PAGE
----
Business planning

Strategy Innovation vs. Strategic Planning

If you are intrigued by the potential of strategy innovation for your company, be aware that you will not get it from your current strategic planning process. You will have to create a separate process for strategy innovation, one that is:
1. Creative
2. Market-centric
3. Heuristic (discovery-driven)



Strategy innovation requires a creative process, not an analytical one. It requires people to listen to customers in new ways, design new types of products, and envision strategies for markets that do not currently exist. It is a process that is as disciplined and structured as strategic planning but uses creativity, rather than analysis, as the primary tool. The raw materials for strategy innovation are insights, which are new perceptions and new understandings of value. Insights can come from listening to or observing customers— their words, actions, emotions, and wishes. Insights can come from listening to industry experts or thought leaders as they explain their understanding of the present and future dynamics of a marketplace. Insights can also come from listening to people who are not entrenched in your industry, company, or culture, as they are in the best position of offering a fresh perspective.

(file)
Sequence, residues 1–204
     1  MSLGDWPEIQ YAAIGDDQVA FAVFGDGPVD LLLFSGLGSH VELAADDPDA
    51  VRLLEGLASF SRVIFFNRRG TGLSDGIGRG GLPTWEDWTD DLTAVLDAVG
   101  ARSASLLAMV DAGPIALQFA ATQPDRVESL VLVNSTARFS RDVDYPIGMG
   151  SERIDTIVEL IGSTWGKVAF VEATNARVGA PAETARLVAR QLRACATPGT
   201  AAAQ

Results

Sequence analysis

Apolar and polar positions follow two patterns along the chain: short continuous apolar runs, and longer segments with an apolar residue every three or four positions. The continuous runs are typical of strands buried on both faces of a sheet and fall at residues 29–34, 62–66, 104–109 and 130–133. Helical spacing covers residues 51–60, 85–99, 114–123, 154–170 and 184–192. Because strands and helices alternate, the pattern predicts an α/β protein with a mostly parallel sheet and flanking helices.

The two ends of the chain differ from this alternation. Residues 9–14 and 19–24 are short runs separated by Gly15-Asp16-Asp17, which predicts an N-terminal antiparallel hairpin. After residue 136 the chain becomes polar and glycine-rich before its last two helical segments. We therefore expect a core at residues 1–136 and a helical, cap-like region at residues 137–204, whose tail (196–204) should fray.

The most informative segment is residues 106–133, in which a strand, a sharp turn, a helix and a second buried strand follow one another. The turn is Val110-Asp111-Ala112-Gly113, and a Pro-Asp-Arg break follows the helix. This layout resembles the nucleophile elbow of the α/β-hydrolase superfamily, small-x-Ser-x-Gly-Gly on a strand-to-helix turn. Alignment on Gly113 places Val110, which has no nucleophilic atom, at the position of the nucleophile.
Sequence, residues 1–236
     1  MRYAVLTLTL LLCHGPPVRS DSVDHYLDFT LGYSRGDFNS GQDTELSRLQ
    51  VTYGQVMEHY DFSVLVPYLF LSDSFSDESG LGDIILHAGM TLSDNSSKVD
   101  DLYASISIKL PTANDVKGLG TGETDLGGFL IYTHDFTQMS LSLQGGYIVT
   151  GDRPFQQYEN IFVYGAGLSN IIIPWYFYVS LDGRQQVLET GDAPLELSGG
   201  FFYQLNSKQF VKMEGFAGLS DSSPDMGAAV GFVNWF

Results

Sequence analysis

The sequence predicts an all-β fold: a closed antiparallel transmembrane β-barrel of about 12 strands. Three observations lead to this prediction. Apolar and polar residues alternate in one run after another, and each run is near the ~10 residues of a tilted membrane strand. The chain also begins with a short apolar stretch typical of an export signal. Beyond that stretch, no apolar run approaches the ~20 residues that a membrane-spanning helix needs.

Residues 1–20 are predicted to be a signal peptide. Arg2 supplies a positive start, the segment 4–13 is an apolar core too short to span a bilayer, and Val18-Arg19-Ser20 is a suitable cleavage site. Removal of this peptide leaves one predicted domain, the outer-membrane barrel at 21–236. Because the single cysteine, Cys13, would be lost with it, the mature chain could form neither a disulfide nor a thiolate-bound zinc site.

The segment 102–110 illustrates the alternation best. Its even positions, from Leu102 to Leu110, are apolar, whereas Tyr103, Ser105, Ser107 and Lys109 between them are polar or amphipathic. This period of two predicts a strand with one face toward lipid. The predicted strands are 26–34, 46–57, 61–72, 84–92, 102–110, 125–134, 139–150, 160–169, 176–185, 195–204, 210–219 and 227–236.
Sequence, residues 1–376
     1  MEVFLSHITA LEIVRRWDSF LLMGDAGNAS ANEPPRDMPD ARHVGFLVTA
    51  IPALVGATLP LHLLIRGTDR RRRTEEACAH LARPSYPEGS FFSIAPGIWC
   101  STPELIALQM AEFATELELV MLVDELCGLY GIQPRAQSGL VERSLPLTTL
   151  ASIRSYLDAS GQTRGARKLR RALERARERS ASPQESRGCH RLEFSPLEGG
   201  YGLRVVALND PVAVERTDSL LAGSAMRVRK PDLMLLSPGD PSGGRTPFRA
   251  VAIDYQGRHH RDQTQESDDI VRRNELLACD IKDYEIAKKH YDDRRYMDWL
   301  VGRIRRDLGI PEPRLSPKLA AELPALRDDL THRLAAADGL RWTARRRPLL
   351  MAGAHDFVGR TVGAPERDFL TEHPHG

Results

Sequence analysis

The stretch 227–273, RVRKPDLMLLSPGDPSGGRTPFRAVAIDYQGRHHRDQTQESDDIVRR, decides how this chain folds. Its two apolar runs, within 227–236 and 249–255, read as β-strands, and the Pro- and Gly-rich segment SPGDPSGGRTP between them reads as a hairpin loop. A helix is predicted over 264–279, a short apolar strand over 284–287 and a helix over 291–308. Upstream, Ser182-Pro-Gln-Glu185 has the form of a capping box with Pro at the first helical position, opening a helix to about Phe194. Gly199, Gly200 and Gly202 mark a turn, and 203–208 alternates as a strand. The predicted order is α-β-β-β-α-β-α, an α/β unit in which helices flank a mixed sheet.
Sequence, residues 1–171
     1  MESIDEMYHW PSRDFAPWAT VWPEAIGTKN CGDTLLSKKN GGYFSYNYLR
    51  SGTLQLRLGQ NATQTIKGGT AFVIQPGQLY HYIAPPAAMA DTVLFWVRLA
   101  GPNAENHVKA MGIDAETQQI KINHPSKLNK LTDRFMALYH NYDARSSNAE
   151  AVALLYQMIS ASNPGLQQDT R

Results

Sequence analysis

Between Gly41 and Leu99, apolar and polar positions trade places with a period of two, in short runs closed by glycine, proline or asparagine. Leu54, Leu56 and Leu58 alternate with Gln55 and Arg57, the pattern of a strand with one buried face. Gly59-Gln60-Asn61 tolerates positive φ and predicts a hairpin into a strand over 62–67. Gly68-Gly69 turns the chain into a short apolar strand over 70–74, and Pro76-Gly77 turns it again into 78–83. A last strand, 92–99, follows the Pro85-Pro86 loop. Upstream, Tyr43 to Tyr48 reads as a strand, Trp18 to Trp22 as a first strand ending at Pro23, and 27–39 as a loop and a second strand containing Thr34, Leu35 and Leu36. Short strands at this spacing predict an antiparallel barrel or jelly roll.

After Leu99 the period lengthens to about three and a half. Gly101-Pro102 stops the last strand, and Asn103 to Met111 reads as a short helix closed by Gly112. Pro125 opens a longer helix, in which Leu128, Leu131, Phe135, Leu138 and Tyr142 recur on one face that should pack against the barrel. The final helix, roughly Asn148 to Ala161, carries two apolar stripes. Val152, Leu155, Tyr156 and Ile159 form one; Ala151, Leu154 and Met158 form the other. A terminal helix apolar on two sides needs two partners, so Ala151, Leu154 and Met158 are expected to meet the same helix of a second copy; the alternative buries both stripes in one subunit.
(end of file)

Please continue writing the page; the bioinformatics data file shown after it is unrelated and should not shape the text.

The quality of the insights necessary for strategy innovation cannot come from statistics. People with a strong analytical orientation can participate in the strategy innovation process (everyone has the potential for creativity), but they must check their quantitative tools and mind-sets at the door. They can have them back when it comes time to evaluate and quantify the business opportunities developed by the strategy innovation process. However, the process for strategy innovation is a creative one, not an analytical one.